release in astrophysical plasmas generally (see [5] and references therein).

We present test particle calculations designed to illuminate the consequences for par-

ticle acceleration of dynamic reconnection.We have in mind the picture of Craig and

McClymont ([6],[7]),in which a linear disturbance passes through a magnetic conﬁg-

uration containing an X-type neutral point.The disturbance travels without dissipating

with the local Alfvén speed until it approaches the diffusion region surrounding the neu-

tral point,where the resistive diffusion term in the induction equation becomes impor-

tant.The wave damps resistively in a few system transit times,heating or accelerating

particles.

In Petkaki and MacKinnon ([8]),we examined the behavior of protons in the pres-

ence of electric and magnetic ﬁelds obtained from the Craig and McClymont [6] anal-

ysis.Petkaki and MacKinnon [5],have explored the consequences of time-dependent

reconnection in a parametric way that does not depend on a particular set of simpli-

fying physical assumptions or boundary conditions.Here we revisit these calculations

highlighting certain key points.We follow the particle evolution in the presence of sim-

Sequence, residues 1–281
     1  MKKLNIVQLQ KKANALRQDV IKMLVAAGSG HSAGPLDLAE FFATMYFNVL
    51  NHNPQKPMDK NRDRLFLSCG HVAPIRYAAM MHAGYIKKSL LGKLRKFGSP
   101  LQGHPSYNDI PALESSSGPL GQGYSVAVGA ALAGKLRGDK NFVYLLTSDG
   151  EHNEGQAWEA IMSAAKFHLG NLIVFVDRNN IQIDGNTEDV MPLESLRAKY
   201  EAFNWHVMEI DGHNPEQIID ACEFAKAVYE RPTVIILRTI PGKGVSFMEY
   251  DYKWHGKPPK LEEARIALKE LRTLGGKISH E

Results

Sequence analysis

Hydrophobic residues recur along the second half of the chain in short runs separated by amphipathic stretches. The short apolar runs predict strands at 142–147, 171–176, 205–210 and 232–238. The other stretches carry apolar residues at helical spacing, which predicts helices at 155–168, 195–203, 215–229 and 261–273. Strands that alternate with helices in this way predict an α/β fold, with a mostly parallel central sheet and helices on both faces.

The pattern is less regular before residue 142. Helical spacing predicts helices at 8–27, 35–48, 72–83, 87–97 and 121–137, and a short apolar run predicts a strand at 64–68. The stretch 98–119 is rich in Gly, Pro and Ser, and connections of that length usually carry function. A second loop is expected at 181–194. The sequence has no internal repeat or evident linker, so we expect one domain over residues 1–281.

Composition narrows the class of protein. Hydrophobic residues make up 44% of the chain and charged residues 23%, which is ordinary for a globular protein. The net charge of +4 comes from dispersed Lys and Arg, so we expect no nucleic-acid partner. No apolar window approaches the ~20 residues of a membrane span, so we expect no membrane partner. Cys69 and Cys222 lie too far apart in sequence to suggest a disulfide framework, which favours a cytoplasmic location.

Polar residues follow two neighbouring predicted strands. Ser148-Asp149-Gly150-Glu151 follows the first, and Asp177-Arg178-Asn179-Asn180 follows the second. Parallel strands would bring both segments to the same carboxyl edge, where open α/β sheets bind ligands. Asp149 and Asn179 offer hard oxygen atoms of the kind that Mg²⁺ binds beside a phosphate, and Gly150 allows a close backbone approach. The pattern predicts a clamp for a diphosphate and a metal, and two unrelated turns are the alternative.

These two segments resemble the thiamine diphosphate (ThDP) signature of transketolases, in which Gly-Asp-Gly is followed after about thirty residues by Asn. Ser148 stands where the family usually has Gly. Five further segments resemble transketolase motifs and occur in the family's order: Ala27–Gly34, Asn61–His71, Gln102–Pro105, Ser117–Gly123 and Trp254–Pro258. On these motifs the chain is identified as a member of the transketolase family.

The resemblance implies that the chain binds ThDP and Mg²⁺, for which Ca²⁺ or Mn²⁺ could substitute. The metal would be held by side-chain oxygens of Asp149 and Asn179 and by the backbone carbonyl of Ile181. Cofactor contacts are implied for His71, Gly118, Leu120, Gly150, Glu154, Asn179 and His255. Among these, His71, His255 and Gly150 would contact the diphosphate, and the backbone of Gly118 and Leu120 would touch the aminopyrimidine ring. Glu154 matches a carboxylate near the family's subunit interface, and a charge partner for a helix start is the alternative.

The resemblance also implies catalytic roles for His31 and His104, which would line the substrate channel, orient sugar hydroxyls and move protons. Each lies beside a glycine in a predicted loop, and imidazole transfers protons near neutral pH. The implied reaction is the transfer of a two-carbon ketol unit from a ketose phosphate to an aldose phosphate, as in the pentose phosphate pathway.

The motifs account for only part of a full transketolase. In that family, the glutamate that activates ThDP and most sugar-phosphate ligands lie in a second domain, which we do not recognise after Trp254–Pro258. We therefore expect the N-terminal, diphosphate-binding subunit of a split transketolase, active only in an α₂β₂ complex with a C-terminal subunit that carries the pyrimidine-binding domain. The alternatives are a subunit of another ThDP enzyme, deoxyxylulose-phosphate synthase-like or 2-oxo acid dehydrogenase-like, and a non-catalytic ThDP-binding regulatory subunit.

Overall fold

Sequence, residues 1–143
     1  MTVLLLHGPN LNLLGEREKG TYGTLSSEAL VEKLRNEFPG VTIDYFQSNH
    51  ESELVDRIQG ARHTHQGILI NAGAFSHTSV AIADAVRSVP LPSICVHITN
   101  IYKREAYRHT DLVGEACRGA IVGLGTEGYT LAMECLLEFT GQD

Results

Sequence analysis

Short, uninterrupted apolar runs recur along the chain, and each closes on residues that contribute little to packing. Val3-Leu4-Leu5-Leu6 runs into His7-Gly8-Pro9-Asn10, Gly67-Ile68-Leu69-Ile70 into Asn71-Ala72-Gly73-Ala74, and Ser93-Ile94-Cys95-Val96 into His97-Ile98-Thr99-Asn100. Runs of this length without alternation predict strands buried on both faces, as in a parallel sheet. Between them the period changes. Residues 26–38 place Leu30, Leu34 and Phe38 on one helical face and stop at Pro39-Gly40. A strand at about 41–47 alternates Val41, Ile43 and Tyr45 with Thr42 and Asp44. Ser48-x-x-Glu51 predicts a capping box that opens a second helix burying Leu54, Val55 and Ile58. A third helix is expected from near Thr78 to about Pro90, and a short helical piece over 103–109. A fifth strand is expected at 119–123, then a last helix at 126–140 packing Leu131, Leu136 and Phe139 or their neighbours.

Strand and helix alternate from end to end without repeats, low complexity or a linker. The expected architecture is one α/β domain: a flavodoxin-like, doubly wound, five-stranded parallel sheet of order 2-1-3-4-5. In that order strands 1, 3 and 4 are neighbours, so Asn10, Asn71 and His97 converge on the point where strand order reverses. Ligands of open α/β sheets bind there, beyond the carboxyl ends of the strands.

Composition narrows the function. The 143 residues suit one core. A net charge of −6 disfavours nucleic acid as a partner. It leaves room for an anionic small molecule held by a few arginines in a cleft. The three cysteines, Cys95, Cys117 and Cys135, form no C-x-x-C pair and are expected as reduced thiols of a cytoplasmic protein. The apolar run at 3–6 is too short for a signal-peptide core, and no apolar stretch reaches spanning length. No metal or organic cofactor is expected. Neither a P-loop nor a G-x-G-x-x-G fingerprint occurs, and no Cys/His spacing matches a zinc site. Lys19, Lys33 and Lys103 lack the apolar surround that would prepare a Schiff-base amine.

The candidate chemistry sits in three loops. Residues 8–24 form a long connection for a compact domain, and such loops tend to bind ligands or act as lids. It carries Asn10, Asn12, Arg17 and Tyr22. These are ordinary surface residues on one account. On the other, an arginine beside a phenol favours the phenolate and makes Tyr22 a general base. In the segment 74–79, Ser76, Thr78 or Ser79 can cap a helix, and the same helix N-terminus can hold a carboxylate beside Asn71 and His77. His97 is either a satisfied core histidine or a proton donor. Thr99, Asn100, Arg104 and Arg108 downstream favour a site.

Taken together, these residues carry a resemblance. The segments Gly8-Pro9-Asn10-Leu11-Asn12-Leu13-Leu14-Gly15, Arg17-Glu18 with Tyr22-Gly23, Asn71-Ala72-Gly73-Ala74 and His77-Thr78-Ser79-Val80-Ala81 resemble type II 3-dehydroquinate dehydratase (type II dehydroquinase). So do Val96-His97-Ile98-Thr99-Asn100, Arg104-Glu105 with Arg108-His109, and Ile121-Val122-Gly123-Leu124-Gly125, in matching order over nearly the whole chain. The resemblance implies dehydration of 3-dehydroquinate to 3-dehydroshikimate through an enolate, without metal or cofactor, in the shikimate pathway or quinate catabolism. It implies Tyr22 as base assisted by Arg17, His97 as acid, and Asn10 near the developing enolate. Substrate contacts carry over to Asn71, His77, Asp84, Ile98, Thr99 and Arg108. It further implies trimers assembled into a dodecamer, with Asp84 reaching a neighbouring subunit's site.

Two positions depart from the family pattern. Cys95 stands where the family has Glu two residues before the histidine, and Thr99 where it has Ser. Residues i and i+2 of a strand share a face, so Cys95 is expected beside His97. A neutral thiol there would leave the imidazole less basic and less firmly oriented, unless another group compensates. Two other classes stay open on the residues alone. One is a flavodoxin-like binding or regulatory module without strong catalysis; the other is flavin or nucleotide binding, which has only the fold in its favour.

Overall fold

ple ﬁelds chosen to mimic generic features of dynamic reconnection.Time-dependence

of the electric ﬁeld is the essential ingredient reﬂecting the dynamic character of the

reconnection.Particularly relevant to our work is the exploratory,analytical study of

Litvinenko [9] which looks at charged particle orbits in an oscillating electric ﬁeld in a

magnetic ﬁeld containing a neutral line

We use the Craig and McClymont [6] linear solution as a qualitative guide for the

spatial and temporal formof the electric ﬁeld.Our adopted ﬁeld also resembles a linear

situation in displaying a time dependence that does not change (i.e.does not develop

multiple frequencies,saturate,etc.).Our linear picture will provide useful insight of

what happens in a ﬂare and may be particularly relevant to non-ﬂaring particle accelera-

tion,e.g.in solar noise storms.Many previous studies of test particle evolution in steady

reconnection exist.Recent work studies regular and chaotic dynamics in 3-D reconnect-

ing current sheets (e.g.[10]) or studies particle orbits in the presence of 3-D magnetic

nulls (e.g.[11,12]).

PARTICLEACCELERATIONMODEL AND RESULTS

We investigate the particle acceleration from ﬂuctuating electric ﬁelds superposed on a

X-type magnetic ﬁeld to mimic generic features of dynamic,collisionless reconnection

[6].We solve numerically the relativistic equations of motion of test particles in elec-

tromagnetic ﬁelds and in the observer’s reference frame [5].To model the reconnection

magnetic ﬁeld,we adopt an idealized 2-D magnetic ﬁeld containing an X-type neu-

tral point:B

¯

=

B

0

D

(yˆx +xˆy).The X-line (neutral line) lies along the z-axis.The ﬁeld

strength depends on position.We assume that the ﬁeld has a value of 10

2

gauss at

a typical active region distance of 10

9

cm from the neutral point,so B

0

/D = 10

−7

gauss cm

−1

.An electric ﬁeld is imposed in the z direction,with spatial and temporal

form chosen to mimic qualitative features of dynamic reconnection and is given by the

form E